Despite all the uncertainty of global politics and economics, a citizen’s income could help us Glaswegians regain some control in 2017.
In many ways 2016 was a bad year for progressives. Welfare cuts, unfair work conditions and food banks remained; attitudes hardened towards refugees and immigrants; and right wing populists won the vote over Brexit and the White House. But, behind all of this, 2016 was also a year in which those wanting a more economically just, open and equal world also made their mark.
In Glasgow, local people met in community halls to plan local currencies, held protests to force the closure over Dungavel, and community food projects helped to bring neighbours whilst also tackling food insecurity. There was also renewed interest in the idea of a universal basic income.
This has been a Scottish Green Party policy for years and it is encouraging to see other Scottish parties now considering it. We now have a Citizen’s Basic Income Network in Scotland and well publicised trials in Finland, the Netherlands and Canada have helped to push this idea into the spotlight.
Unusually for an economic idea, it gains support from across the political divide, with both those in the traditionally ‘right’ and ‘left’ lending their support to the idea of piloting it. So what is it all about?
Critics point out that it is free money and will do nothing to encourage the ‘work-shy’ to seek employment. But this is to misunderstand two key trends of the labour market. First of all, the current punishment system of welfare conditionality is clearly not working. You just need to watch I, Daniel Blake to see how a guilty until proven innocent approach is not only morally wrong but clearly failing individuals keen to work.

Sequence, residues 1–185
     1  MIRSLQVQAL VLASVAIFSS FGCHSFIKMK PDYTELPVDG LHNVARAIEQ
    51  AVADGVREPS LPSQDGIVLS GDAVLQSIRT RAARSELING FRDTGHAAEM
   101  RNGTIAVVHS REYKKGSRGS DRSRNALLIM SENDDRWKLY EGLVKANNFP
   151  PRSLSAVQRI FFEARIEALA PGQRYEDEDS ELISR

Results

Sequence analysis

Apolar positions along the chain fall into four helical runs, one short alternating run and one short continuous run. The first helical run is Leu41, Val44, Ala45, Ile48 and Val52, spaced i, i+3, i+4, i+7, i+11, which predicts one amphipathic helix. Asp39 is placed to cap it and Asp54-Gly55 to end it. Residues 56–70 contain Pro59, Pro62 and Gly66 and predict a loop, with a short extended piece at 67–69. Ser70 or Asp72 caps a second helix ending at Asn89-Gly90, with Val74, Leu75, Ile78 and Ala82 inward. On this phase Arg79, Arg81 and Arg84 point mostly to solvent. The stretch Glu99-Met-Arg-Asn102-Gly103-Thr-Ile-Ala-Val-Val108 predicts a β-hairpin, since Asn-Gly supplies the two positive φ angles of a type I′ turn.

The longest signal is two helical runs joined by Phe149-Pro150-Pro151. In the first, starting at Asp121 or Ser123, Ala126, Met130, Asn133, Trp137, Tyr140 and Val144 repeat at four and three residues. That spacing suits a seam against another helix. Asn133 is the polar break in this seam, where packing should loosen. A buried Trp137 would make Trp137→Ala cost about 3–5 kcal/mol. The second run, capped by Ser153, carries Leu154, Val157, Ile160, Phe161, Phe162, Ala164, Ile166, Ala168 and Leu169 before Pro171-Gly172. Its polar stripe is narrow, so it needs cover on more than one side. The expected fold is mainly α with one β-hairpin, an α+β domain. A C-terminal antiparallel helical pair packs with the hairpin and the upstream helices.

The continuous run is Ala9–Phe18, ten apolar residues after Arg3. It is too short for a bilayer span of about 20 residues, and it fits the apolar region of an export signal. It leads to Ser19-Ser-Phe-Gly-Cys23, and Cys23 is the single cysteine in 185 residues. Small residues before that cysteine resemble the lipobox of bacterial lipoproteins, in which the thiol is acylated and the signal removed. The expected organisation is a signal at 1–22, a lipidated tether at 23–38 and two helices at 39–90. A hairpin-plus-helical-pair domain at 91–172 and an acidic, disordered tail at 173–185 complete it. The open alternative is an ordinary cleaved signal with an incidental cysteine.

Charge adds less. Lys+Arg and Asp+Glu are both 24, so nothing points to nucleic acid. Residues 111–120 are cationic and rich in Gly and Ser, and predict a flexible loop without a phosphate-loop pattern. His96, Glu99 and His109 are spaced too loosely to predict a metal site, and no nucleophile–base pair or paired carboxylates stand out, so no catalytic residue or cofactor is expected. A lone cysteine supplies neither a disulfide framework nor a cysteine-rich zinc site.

Secondly, we must also remember that for many people in our society, full-time work is never going to be the better option. Some have health conditions which will be severely worsened by work, whilst many others perform invaluable caring roles, which saves the public purse millions every year.
Many people who have never experienced poverty might be forgiven for thinking the current system is fine: surely any job is better than being on benefits. But our current system often forces people to take low-paid, insecure work with little or no promotion opportunities. People feel trapped in poverty, with little or no job satisfaction.
A citizen’s basic income would allow individuals the stability to look for jobs better suited to their circumstances, which means they are more likely to be satisfied at work and therefore more productive, benefitting employers and employees alike.
Also, it is an income, not social security, so additional support should continue to be given to those facing additional societal barriers, such as individuals with disabilities.
The advent of the welfare state was a great achievement, bringing a degree of economic stability to the lives of many. But the economic world in which we live in is in many ways different from 1945 and we need an updated system
It is unclear how exactly the pilots in Glasgow and Fife will be funded, or how it will link in with our complex tax and benefit system. So it is important to regard this pilot as a learning experience, one which will unlikely go perfectly smoothly first time. Also, we all must be clear that a basic income will not hold all of the answers.
But, for many people on low incomes in Glasgow and elsewhere in Scotland, little is going smoothly at the moment. Insecure work contracts, benefit delays, constantly changing welfare system with yet more cuts, means there is no stability, never mind economic justice, in the current model.